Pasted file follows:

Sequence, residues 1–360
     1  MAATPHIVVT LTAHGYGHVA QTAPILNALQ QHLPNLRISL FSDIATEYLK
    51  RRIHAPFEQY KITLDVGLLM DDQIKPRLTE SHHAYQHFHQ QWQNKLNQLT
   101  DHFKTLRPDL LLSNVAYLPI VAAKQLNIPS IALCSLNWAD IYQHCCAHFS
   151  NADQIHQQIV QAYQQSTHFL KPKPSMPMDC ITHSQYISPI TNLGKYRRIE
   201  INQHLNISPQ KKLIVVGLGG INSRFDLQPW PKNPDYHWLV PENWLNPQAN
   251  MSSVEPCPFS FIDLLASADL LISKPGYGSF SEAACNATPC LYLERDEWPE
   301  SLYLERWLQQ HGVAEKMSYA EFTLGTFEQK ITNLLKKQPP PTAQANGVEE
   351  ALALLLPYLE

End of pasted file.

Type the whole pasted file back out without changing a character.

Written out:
Sequence, residues 1–360
     1  MAATPHIVVT LTAHGYGHVA QTAPILNALQ QHLPNLRISL FSDIATEYLK
    51  RRIHAPFEQY KITLDVGLLM DDQIKPRLTE SHHAYQHFHQ QWQNKLNQLT
   101  DHFKTLRPDL LLSNVAYLPI VAAKQLNIPS IALCSLNWAD IYQHCCAHFS
   151  NADQIHQQIV QAYQQSTHFL KPKPSMPMDC ITHSQYISPI TNLGKYRRIE
   201  INQHLNISPQ KKLIVVGLGG INSRFDLQPW PKNPDYHWLV PENWLNPQAN
   251  MSSVEPCPFS FIDLLASADL LISKPGYGSF SEAACNATPC LYLERDEWPE
   301  SLYLERWLQQ HGVAEKMSYA EFTLGTFEQK ITNLLKKQPP PTAQANGVEE
   351  ALALLLPYLE